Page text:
The Patent Trial and Appeal Board (“the Board”) recently designated Apple Inc. v. Fintiv, Inc., IPR2020-00019, Paper 11 (March 20, 2020), as precedential.  The decision provides practitioners a six-factor analysis that the Board will employ when assessing whether to apply its discretion to deny institution when there is co-pending district court litigation. 

Under Fintiv, the Board may be less likely to deny institution under § 314(a) when “the district court has set a trial date after the Board’s deadline to issue a final written decision in an instituted proceeding.”  Id. at 3.  The Board noted that it “takes a holistic view of whether efficiency and integrity of the system are best served by denying or instituting review.”  Id. at 6.  The guiding factors are:

  1. Whether a stay exists or is likely to be granted. An existing district court stay weighs strongly against discretionary denial. Guidance of record from a district court that it will issue a stay to avoid duplicating efforts likewise weighs against discretionary denial.  Id. at 7-8.
  2. Proximity of trial date to statutory deadline. When a trial date is earlier than the Board’s projected statutory deadline, this factor weighs in favor of discretionary denial. Id. at 9.
  3. Investment in parallel proceedings. If “at the time of the institution decision, the district court has issued substantive orders related to the patent at issue, this fact favors denial.” Id. at 9-10.  This is also “related to the trial date factor” such that when “parallel proceeding[s] [are] more advanced, a stay may be less likely, and instituting would lead to duplicative costs.”  Id. at 10.  But if “the evidence shows that the petitioner filed the petition expeditiously … this fact has weighed against exercising the authority to deny institution.”  Id. at 11.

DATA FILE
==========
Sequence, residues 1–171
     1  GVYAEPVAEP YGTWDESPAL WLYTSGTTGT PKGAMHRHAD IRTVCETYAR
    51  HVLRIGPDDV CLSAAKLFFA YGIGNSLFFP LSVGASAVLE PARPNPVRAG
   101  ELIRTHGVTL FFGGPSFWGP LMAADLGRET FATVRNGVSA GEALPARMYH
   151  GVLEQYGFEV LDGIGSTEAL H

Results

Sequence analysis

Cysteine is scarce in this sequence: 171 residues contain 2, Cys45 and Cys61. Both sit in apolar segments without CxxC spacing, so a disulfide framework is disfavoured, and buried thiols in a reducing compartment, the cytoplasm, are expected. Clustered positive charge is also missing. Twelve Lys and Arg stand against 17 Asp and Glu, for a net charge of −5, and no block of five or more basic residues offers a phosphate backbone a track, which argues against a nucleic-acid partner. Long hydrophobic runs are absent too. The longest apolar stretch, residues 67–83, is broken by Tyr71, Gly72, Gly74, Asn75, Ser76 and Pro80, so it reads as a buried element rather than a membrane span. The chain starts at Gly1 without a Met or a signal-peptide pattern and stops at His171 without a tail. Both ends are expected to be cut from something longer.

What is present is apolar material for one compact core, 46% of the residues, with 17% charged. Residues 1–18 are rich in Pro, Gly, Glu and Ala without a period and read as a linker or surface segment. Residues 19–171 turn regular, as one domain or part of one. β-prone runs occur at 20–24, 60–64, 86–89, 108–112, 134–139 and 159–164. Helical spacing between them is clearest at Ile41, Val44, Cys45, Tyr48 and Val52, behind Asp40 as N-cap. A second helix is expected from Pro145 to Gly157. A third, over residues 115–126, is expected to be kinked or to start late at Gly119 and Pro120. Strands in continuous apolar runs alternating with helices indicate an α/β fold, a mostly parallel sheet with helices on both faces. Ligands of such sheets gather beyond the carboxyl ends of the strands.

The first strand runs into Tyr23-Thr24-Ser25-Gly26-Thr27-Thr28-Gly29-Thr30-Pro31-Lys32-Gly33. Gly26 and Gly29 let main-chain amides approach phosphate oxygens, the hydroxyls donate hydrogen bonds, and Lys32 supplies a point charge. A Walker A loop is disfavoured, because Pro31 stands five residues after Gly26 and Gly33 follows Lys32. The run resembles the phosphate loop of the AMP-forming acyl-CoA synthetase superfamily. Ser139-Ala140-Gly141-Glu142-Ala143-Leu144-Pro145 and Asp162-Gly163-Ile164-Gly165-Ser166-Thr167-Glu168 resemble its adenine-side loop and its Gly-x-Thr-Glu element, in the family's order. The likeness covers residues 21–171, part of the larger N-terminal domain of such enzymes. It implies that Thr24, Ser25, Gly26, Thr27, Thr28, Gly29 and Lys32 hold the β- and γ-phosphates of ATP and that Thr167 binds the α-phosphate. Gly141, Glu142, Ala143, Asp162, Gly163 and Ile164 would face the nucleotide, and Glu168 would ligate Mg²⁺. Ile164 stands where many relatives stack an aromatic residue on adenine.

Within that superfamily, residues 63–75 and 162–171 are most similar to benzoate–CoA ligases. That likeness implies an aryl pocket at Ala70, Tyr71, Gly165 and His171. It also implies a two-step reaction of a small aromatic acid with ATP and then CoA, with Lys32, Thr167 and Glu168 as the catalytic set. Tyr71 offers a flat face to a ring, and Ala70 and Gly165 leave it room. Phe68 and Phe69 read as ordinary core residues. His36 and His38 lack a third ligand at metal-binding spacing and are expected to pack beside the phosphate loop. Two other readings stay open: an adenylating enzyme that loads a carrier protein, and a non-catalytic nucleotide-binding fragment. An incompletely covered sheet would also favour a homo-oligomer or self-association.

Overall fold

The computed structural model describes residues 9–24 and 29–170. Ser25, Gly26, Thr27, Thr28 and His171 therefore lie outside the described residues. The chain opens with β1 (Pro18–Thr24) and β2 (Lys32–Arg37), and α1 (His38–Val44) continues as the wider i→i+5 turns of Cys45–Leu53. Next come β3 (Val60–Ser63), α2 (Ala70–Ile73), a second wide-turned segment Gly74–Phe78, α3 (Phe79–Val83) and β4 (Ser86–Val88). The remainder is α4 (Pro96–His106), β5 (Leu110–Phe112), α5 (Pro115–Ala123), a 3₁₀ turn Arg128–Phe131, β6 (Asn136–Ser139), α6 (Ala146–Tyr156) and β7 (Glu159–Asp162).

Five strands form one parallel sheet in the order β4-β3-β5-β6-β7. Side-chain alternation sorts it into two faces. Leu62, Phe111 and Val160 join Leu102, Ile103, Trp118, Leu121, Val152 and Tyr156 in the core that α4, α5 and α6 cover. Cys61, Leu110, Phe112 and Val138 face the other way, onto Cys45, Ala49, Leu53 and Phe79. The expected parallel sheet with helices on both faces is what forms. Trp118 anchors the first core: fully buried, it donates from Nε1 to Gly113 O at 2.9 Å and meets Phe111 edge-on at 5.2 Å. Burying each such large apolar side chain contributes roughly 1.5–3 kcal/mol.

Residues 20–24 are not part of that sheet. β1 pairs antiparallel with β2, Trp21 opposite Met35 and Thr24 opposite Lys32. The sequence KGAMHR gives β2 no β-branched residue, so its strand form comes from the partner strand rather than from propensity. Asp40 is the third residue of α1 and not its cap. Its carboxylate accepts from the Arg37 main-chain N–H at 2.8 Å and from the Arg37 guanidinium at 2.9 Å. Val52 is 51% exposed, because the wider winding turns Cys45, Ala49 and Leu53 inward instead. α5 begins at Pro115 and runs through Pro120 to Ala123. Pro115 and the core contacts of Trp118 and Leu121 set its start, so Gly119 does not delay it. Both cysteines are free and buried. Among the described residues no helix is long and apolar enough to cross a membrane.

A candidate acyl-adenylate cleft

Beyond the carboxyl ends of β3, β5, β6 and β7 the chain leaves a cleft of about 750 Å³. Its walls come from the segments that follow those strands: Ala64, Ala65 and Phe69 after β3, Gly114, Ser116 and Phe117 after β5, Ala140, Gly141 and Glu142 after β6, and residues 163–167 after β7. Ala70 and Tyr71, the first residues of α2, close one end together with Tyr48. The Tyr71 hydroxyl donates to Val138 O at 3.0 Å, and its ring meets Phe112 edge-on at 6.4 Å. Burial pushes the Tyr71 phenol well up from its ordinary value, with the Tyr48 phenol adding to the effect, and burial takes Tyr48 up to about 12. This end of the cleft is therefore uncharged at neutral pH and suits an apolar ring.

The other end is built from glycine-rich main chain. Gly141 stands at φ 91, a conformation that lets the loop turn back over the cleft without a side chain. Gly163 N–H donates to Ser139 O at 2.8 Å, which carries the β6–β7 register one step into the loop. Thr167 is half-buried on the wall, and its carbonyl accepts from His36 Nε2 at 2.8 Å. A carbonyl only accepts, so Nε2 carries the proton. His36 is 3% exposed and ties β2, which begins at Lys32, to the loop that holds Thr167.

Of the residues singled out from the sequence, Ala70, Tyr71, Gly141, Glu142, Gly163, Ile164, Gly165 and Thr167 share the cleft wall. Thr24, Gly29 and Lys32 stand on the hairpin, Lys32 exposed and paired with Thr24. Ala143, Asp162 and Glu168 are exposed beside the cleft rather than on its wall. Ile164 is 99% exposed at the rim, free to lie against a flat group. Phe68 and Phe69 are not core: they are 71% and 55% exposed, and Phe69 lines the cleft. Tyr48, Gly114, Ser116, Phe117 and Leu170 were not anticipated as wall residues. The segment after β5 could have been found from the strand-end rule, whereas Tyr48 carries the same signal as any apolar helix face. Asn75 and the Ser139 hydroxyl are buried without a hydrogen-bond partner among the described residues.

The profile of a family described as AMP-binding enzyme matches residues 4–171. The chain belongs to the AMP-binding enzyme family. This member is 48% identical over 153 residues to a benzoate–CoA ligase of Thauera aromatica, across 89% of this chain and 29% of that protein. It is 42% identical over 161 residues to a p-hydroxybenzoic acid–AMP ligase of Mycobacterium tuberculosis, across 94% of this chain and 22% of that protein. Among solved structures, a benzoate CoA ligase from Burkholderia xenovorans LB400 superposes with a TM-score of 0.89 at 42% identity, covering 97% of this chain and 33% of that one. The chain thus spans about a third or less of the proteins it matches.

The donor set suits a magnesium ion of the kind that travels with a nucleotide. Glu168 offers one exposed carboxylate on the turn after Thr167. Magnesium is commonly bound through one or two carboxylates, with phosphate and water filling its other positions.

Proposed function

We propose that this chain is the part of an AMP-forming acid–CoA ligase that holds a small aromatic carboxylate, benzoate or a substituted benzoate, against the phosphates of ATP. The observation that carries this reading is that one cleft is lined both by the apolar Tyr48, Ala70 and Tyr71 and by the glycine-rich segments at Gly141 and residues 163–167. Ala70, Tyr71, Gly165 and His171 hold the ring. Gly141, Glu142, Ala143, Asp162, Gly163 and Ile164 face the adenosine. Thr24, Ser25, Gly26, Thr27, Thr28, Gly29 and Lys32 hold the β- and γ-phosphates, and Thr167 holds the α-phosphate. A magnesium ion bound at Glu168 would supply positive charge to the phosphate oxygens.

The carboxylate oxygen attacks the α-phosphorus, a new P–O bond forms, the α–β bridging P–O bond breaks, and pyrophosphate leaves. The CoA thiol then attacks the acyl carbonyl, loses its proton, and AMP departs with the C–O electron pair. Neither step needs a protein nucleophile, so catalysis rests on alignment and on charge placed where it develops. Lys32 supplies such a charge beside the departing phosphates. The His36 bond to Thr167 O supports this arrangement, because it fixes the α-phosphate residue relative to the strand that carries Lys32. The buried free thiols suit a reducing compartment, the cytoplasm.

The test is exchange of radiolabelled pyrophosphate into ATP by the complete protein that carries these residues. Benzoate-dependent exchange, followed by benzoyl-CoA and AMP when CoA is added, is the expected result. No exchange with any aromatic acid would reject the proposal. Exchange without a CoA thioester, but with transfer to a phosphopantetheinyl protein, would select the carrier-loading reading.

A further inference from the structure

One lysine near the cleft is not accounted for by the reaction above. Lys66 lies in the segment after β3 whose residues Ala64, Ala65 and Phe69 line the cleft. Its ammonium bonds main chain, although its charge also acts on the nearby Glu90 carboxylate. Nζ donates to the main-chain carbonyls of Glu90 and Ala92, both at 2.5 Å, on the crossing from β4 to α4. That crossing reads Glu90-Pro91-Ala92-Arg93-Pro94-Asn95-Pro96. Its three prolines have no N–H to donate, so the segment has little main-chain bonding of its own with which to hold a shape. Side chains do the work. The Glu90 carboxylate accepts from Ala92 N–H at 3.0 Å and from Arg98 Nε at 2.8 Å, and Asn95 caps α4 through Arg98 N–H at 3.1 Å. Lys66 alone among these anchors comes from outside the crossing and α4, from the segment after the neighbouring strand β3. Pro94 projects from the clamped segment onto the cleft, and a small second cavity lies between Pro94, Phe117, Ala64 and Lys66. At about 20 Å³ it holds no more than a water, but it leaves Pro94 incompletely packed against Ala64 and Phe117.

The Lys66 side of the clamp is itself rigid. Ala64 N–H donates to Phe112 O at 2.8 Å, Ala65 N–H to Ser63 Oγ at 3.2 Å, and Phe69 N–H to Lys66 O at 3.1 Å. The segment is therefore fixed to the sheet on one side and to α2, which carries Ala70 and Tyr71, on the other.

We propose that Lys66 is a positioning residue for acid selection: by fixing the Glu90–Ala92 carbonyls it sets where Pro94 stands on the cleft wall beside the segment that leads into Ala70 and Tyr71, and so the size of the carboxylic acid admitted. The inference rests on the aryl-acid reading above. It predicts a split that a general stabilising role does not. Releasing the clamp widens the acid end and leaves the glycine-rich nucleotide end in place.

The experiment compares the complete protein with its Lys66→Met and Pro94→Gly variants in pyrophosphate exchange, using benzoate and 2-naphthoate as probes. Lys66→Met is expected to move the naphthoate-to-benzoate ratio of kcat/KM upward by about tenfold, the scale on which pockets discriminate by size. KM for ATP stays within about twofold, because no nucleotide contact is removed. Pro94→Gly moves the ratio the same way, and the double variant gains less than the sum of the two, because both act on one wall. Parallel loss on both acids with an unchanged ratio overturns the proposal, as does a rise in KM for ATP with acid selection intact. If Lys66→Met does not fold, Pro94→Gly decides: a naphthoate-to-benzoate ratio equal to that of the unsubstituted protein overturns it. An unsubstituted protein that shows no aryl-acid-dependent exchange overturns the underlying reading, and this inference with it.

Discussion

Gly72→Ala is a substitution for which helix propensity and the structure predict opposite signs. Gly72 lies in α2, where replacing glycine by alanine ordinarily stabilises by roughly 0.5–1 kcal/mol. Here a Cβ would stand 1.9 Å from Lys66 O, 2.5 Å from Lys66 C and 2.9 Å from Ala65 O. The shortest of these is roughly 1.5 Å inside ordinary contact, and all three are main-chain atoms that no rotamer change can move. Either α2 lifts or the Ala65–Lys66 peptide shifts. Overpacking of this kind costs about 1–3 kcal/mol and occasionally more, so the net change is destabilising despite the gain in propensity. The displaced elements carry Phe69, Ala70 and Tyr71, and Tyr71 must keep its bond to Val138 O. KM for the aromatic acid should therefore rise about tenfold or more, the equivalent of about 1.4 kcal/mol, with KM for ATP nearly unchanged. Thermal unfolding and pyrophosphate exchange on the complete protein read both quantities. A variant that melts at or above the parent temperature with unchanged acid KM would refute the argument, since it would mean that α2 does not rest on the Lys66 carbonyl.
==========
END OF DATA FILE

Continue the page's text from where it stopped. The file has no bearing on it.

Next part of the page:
4. Overlap between issues raised in the petition and parallel proceedings. When substantially the identical prior art is at issue in the petition and in parallel litigation, “concerns of inefficiency and the possibility of conflicting decisions [are] particularly strong,” and this factor favors denial. Id. at 12.  However, when different grounds or arguments are presented, or there are non-overlapping claim challenges, this factor may weigh against discretionary denial.  Id. at 13.
  5. Whether the petitioner and defendant in the parallel proceedings are the same party. If the parties are different, the Board has weighed that factor against discretionary denial. Id. at 14.  However, the Board noted that even unrelated petitioners, if raising substantially the same issues, should still explain why addressing substantially the same issues would not be duplicative.  Id.
  6. Other circumstances affecting the Board’s exercise of discretion, including the merits. The Board added a catch-all sixth factor for addressing other relevant circumstances, such as a petition’s strength on the merits. Id. at 14-16.  The Board noted that discretionary analyses under this factor do not require a full assessment of the merits.  In general, prior-art grounds that “seem particularly strong on the preliminary record” may favor institution, while grounds that appear to present “a closer call” on the merits may favor denial.  Id. at 14-15.

In sum, the Board’s recent precedential decision in Apple v. Fintiv provides guidance for Petitioners to employ when deciding when, and if, to file a Petition when co-pending litigation exists.  The decision instructs Petitioners to analyze the Board’s Fintiv factors and describes factual scenarios in which each factor may weigh in favor of, or against, a discretionary denial of institution.